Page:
In order for my customers to be responsible for linens and garments, I suppose they need to be instructed or reminded about abuse. What steps can my operation take to train them and minimize these occurrences? Is it possible that we’re abusing the linen during processing and/or distribution?
EQUIPMENT MANUFACTURING: Kim Shady is vice president of distributor sales for Alliance Laundry Systems’ UniMac brand and has more than 19 years of commercial laundry experience. He started and ran a successful restaurant business for a number of years before joining the laundry industry.
When operating an on-premises laundry, you’re closer to the actual abuser than the operators of a linen plant. Your property manager is in more direct control of curbing the abuse.
As a frequent traveler and a former restaurant owner, I confess that I’m a reformed linen abuser. I participated in and witnessed the use of table linens to contain spills on the kitchen floor. I’ve seen cooks use table linens for kitchen wiping. The kitchen staff doesn’t have to clean the linens, replace the linens they destroy or worry about the linen service finding them. Why should they care?
To stop linen abuse, you must identify where it starts. I can guarantee you the kitchen never even thinks about the laundry’s problems. They receive clean linens and towels daily. It must be easy to clean linens since there seems to be an endless supply each day, they think. An education program will greatly reduce linen abuse by employees.
When there is a china problem or glassware breakage problem, educating the sources about per-piece cost or annual replacement costs has proven effective. People don’t want to be abusers. But if they don’t understand how their efforts affect others or their business’ profitability, they will continue down the path of wrongdoing.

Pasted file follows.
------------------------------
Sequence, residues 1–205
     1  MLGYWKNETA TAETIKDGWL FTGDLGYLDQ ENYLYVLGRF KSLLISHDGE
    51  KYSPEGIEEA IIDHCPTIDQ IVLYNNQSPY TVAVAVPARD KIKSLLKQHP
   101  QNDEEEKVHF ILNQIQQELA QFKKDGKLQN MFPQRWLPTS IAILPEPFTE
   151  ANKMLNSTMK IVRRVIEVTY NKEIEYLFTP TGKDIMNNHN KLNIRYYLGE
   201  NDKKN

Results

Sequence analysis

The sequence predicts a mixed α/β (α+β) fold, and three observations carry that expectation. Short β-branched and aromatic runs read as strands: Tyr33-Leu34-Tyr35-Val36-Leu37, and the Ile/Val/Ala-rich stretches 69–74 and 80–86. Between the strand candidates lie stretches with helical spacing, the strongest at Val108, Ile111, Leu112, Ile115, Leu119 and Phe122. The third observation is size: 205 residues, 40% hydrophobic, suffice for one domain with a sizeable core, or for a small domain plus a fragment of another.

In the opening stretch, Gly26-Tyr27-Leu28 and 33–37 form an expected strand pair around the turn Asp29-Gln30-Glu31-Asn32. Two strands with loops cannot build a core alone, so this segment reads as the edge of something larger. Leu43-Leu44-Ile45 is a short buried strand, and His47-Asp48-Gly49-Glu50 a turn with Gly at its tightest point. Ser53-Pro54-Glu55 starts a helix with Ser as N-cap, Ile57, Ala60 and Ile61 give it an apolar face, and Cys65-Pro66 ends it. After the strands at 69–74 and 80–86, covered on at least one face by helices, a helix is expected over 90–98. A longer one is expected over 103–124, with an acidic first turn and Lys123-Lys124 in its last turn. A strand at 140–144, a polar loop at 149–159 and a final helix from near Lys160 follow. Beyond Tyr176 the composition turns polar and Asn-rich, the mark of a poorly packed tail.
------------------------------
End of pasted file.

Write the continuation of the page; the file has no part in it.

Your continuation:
As a frequent traveler, I often found myself cleaning my shoes with a washcloth. At one point, my guilt got the best of me and I began to stock shoe mitts in my suitcase. Again, go to the source of the linen abuse. Look at your operation and determine why a person abuses the linen. Likely, the answer is quite simple. In my case, the hotels that provided a shoe mitt eliminated my linen abuse.
OK, maybe it’s not that simple. But solving a problem always starts with defining a problem. Look back to the source of the abuse and identify what’s pushing the abuser.
TEXTILES: Kevin Keyes is the Laundry Service Team (LST) leader for Milliken & Co.’s Napery Fabrics Business. His team provides technical and marketing support to the textile rental industry. He’s been with Milliken for 19 years, having served the first 11 in textile manufacturing.
Since your customers use your linen and garments, they should be made aware of abuse and how to avoid it. If they don’t actually own the goods, they may not be aware that what they’re doing is abusive.
First, I recommend making sure that your employees know what’s abusive to your garments and linens. Once they have a clear understanding of abuse, they can pass that knowledge on to your customers or end users. It’s also important not to abuse these items in house.
Understanding abuse requires some basic knowledge of textiles. Both linens and garments are constructed from yarns that may be cotton, polyester or a mixture of both. Cotton yarns don’t like bleach, which literally “eats” away the fibers and causes fabric damage. If the goods are colored, they’ll fade. Abuse in this area usually results from your customers spilling bleach onto the fabric. Other chemicals, such as solvents and cleaners, can also cause damage.
Bleach and other chemicals can also damage textiles that have a cotton/polyester blend. Polyester fibers aren’t damaged by bleach, but color loss will occur. Polyester doesn’t like high heat and can melt. Abuse in this area results from customers exposing the textiles to excessive heat (above 350° F).
Sharp objects can abuse textiles. Anything sharp can cut the fibers and cause damage. Items left in the garments and linens, such as pens, magic markers and crayons, can also cause damage.
Once your staff understands these different abuse factors, they can educate your customers on things to avoid. You can then set up annual training for all of your customers and review these items.
Abuse may also be happening internally. Improper soil sorting can contribute to many of the causes I’ve mentioned. All linens and garments should be checked and separated during sorting; this can save a lot of headaches down the road. Textiles should be washed on the proper formulas. Finally, anything involved in transportation, particularly conveyors or carts, should be checked for sharp edges.
Knowledge is the key. Training employees on proper handling of goods will enable them to then educate your customers on how to prevent abuse to linens and garments.